Saturday, July 6, 2019

When Your Imaginary Friends Take Control

You may be wondering why I haven't posted in a couple of months. As you can see from the photo I've been busy writing the sequel to BREAKFAST WITH NERUDA. Since my publisher was not interested in this book, I'm opting to Independently publish it (and its sequel.) 

This means I'm now a "hybrid author." Two of my critique partners are also hybrids, and they coaxed me to give it a go.

After weighing the pros and cons, I reluctantly decided to journey down the self publishing path.

I choose my own cover designer and title, and have control over the book's content. I also manage the price points and decide when to put it on sale. Plus, any royalties come directly to me. In addition, I can update the book's content any time and own all the rights. No more sending out query after query to hear "not right for our list, we just published a similar title, we like the writing but didn't relate to the characters..." Yes, I could have continued to query, but I had two strikes against me:

One, while BREAKFAST WITH NERUDA is highly praised and was shortlisted for a major award, it didn't sell enough copies to set the world on fire. 'Writing is an art, publishing is a business' is a mantra we authors often hear at writer's conferences. You can craft beautiful sentences and well create developed characters in an engaging story, but if your book doesn't produce great sales figures in a short window of time, your next book is a harder sell.   

Two, the characters aged up a year. YA characters tend to max at age eighteen, but the protagonist Michael is now nineteen. Technically, they are New Adult, which is a dying (Maybe already dead) category.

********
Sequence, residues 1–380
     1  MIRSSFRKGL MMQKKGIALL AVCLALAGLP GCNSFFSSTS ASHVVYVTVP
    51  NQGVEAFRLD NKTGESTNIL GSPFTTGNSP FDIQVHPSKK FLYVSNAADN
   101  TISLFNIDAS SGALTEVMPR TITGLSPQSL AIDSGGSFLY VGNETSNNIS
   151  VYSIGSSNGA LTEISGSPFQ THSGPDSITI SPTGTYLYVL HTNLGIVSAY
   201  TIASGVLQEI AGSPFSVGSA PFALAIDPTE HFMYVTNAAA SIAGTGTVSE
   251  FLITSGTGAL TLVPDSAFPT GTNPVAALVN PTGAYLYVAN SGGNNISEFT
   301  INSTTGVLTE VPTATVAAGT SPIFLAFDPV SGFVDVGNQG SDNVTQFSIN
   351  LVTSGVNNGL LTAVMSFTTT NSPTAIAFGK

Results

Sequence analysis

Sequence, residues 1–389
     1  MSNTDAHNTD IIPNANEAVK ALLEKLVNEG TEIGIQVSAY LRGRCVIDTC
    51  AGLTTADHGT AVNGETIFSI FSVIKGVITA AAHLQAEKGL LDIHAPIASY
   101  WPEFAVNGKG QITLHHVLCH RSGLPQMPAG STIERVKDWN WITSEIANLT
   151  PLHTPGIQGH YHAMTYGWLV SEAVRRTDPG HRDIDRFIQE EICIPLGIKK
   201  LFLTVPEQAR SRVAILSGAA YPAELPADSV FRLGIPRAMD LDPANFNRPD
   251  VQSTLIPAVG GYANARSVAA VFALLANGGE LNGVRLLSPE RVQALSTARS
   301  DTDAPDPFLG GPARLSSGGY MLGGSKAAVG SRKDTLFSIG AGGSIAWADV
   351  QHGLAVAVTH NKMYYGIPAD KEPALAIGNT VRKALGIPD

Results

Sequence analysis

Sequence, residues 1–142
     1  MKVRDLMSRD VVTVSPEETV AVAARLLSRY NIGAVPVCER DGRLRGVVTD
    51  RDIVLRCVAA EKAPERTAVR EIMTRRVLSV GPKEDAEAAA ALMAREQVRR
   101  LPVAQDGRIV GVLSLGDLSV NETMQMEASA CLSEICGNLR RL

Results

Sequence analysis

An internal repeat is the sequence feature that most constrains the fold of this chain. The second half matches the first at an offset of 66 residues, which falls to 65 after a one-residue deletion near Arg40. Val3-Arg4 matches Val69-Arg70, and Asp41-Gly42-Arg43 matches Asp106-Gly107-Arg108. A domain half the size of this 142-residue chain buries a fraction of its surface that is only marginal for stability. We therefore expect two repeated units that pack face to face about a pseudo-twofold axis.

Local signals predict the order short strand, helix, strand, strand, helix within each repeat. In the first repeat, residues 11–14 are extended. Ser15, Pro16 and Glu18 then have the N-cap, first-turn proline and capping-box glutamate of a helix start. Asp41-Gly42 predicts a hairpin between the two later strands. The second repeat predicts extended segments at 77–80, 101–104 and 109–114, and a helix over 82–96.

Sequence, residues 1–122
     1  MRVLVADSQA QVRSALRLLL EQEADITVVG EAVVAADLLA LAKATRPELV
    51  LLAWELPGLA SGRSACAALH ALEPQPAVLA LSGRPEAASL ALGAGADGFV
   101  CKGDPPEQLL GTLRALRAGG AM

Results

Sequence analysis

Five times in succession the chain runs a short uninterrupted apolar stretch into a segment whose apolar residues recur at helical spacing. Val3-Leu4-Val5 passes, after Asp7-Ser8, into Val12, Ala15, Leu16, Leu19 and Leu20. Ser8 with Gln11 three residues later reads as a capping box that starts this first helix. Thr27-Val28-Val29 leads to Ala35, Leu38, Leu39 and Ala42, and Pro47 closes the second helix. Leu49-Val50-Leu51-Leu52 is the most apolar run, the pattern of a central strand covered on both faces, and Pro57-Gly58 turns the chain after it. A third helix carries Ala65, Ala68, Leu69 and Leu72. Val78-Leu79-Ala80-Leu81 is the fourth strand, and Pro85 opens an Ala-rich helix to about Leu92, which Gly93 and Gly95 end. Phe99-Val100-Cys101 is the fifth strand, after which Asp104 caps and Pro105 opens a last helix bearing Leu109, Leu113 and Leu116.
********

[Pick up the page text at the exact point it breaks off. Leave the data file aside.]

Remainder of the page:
Perhaps the third strike is Contemporary YA is a super crowded market. My characters aren't diverse enough to compete with filling the much needed gaps in the YA canon. So, the odds were ever not in my favor to go traditional this time.

I'm responsible for all the costs of cover design, formatting, editing, and advertising. In addition, I pay for all proofs and author copies and other marketing materials. I now have to pay attention to sales rankings, hone my subject categories, and fret over my pending obscurity.

Part of the reason BWN didn't sell is because I'm a terrible marketer. I want my clone to send out postcards and contact book bloggers to beg for reviews. There's a whole minefield of business practices indy writers must perform. By going rogue, I'm taking a huge risk because I don't have a clone, so it's all on me.

Having a big 5 publisher behind you gives you street cred in the trade. You're treated like a rock star at library and book conferences, and you make friends with other stars in the business. While it's waning somewhat, there's still a stigma against being "a self-published writer." 

So why am I doing this? 

Fans of BWN want to know what happens next with Michael and Shelly. I hadn't intended to write a series. My characters coerced me into it. I spent a lot of time with these people, and grew to love them. 

Also, I'm not prone to do the logical, practical thing. But I believe in these stories.

I'm also a fan of irony. While indy writers are relegated to a lower position on the pecking order compared to traditionally published writers, the irony is, a large percentage of indys make more money than their counterparts. The ones who make money and get great reviews go through the same careful process of creating a book. The difference is, we own all the stakes.  

The primary reason I'm indy publishing is I need these stories off my desk and out of my head so I can focus on my current (work in progress (WIP.) I'm 36,000 words into the next book (which will be a stand alone,) yet Michael and Shelly keep barking at me to get their story out there. These books are their fault.

The paperback of BLUE VALENTINES is out now, and the eBook is due out July 9, 2019.

The third and final book of the Michael/Shelly saga, THE LANGUAGE OF THE SON, will be coming in August. 

Happy Writing.

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